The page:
- TUES: Brazil: mid-month CPI (IPCA-15); Mexico: Global Economic Indicator; Argentina: Industrial Production, Consumer Confidence, and Shop Center Sales
- WED: Brazil: FGV Consumer Confidence; Argentina: Supermarket Sales
- THURS: Brazil: Central Bank Monetary Policy Meeting Minutes and Unemployment Rate; Mexico: Retail Sales and Presidential Election Poll (Consulta Mitofsky)
- FRI: Brazil: Aggregate Credit; Chile: Central Bank Monetary Policy Meeting Minutes
- MON: Brazil: FGV CPI (IGP-M); Chile: Industrial Production and Retail Sales
McDonald’s will release sales tomorrow before market open.
McDonald’s remains one of our favorite stocks in the restaurant space as the company continues to outmatch the competition in the United States (where the company derives almost 45% of its operating income) as it executes on its remodel program.
Within the earnings, we will be focusing on management’s forward looking statements around 2012 guidance; in particular, commodity basket inflation and any update on capex related to the reimaging program for the next 12-24 months. While additional pricing may need to be added to help the company absorb inflation, we expect December comps to impress once again and the top-line remains the primary focus for investors.
Below we go through our take on what numbers will be received by investors as good, bad, and neutral MCD comps numbers by region. For comparison purposes, we have adjusted for historical calendar and trading day impacts (but not weather).
Compared to December 2010, December 2011 had one less Wednesday and one additional Saturday. We expect a slight positive calendar shift as a result.
U.S.: facing an easy compare of +2.6%, including a calendar shift of between +0.4% and 0.7%, varying by area of the world and a negative impact of -2% related to weather:
GOOD: A print of 8% or higher would be received as a good result. Despite implying sequentially lower same-store sales on a two-year average basis, an 8% print would be a positive headline number and would beat consensus of 6.5% by a significant margin. We believe that the company continues to capture share in the domestic business and macro trends in the U.S. from December point to a continuation of the positive momentum in MCD U.S. sales. Our estimate is +8%.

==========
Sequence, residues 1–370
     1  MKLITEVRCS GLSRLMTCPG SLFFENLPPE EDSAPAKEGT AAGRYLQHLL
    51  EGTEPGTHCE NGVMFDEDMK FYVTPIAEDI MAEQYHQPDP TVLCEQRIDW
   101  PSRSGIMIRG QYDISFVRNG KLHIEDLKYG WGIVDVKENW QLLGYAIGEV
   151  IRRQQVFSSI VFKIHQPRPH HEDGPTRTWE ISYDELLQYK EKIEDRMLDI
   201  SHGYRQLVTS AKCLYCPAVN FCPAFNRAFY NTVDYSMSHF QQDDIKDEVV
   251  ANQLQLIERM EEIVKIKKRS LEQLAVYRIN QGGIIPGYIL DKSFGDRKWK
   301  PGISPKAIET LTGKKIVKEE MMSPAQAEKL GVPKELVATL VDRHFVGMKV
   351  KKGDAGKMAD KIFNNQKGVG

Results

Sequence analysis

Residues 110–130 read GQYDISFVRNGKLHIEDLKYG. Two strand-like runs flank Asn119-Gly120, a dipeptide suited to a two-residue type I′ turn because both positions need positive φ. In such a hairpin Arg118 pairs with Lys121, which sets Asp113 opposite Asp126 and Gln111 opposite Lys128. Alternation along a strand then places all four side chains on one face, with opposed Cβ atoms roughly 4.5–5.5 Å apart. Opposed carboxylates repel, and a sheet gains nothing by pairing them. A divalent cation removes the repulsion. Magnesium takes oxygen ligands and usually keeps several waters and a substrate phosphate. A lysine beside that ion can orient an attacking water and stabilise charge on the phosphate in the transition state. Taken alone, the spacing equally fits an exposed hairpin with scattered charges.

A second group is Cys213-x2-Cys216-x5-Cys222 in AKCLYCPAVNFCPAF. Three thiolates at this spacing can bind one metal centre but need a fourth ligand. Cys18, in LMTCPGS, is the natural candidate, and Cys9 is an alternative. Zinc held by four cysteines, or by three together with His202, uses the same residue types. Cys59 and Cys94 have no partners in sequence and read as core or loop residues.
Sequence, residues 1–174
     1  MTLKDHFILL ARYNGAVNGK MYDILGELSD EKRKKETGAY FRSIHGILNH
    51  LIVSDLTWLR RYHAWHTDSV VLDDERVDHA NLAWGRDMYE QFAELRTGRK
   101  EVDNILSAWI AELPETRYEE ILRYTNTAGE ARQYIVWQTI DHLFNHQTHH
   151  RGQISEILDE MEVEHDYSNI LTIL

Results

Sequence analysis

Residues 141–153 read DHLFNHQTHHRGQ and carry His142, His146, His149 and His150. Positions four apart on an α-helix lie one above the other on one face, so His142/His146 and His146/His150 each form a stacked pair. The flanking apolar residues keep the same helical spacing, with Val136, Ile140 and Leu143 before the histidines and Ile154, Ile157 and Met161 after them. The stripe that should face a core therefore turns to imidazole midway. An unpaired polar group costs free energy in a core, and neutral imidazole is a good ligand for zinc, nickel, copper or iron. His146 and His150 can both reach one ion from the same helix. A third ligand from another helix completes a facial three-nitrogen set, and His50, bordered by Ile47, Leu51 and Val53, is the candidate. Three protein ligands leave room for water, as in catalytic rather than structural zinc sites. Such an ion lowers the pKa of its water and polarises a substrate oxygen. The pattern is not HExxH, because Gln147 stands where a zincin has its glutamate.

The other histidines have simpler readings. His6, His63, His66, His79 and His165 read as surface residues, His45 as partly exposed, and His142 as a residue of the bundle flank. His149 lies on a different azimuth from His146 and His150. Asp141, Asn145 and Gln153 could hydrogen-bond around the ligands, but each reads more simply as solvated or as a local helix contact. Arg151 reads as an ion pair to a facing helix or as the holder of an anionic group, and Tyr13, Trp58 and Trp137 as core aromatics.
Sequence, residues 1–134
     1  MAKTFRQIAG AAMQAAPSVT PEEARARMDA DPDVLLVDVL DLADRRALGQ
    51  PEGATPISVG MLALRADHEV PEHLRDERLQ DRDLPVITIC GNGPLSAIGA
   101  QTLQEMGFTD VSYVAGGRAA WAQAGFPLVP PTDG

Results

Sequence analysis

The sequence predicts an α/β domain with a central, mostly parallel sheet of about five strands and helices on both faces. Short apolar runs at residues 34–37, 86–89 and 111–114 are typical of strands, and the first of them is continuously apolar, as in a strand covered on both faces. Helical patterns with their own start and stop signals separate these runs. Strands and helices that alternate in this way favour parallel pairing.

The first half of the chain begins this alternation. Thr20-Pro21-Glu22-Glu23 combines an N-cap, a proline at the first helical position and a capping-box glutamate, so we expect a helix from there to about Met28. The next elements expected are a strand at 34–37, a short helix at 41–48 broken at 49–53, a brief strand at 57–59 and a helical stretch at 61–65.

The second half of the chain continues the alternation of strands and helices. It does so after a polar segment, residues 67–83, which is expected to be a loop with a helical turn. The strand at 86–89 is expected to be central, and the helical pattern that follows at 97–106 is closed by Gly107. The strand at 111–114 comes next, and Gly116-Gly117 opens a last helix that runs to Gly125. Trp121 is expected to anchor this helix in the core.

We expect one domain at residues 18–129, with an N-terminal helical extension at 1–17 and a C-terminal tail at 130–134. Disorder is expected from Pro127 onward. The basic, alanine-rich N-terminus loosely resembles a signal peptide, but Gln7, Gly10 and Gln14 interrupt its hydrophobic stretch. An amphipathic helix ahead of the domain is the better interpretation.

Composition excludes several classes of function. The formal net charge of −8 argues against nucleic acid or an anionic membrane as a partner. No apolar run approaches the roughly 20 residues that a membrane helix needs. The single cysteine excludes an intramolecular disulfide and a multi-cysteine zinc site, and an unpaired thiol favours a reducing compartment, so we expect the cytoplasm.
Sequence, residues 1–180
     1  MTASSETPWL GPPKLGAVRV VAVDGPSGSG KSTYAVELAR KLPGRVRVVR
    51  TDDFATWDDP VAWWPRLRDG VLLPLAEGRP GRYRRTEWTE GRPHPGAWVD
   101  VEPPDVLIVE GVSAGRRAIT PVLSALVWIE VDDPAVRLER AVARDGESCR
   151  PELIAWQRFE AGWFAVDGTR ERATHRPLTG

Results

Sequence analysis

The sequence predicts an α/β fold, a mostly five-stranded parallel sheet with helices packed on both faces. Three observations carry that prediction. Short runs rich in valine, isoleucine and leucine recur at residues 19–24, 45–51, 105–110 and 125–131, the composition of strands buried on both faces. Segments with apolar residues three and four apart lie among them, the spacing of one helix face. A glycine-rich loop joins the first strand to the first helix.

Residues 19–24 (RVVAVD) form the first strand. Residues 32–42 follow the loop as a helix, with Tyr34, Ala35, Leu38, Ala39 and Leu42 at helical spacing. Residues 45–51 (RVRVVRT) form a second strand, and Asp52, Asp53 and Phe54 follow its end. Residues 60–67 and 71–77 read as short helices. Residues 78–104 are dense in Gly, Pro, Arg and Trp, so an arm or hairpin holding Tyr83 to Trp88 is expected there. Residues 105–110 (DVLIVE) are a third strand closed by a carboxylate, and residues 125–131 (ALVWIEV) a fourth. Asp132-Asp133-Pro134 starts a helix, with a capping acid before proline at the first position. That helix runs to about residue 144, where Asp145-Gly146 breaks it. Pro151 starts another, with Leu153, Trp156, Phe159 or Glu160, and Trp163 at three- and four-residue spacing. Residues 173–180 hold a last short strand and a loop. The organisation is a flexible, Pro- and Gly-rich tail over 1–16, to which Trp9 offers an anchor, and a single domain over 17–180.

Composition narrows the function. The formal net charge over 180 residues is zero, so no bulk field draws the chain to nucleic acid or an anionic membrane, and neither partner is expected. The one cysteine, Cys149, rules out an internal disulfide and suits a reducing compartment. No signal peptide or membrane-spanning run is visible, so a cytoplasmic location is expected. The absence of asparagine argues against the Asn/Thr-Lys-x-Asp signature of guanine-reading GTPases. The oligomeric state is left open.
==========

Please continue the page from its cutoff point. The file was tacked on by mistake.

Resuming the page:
NEUTRAL: A print of 7-8% would be received as a neutral result given that, on a calendar-adjusted basis, it would imply a significant sequential decline in two-year average trends while still coming in slightly above consensus. With the stock having traded up 15% during 4Q11, investors are pricing in a strong top line and we believe that consensus is conservative for December U.S. comps.
BAD: A result of less than 7% would disappoint investors as it would imply the lowest calendar-adjusted two-year average trends since May. And the steepest sequential decline in calendar-adjusted two-year average trends since December 2010 (which was largely caused by weather).
Europe: facing an easy compare of -0.50%, including a calendar shift of between +0.4% and 0.7%, varying by area of the world and a negative impact of -2% related to weather:
GOOD: A print of 11% or higher would be received as a good result for MCD Europe. We are setting the bar a little higher than the Street, which is at +8.4%. Our estimate for December is +11%.
NEUTRAL: A result of between 9% and 11% would be received as a neutral result for Europe as it would imply a print just above consensus but also a sequential decline in calendar-adjusted two-year average trends.
BAD: A print of less than 9% would imply a steep decline in calendar-adjusted two-year average trends.
APMEA: facing a difficult compare of +8.90%, including a calendar shift of between +0.4% and 0.7%, varying by area of the world:
GOOD: A result above +4.5% would be received as a good number as it would imply a sequential acceleration in calendar-adjusted two-year average trends. Our estimate is 4%.
NEUTRAL: A print of between 3.5% and 4.5% would be received as a neutral result as it would imply calendar-adjusted two-year average trends.
BAD: A print of less than 3.5% would imply a deceleration in calendar-adjusted two-year average trends.
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Hedgeye CEO Keith McCullough handpicks the “best of the best” long and short ideas delivered to him by our team of over 30 research analysts across myriad sectors.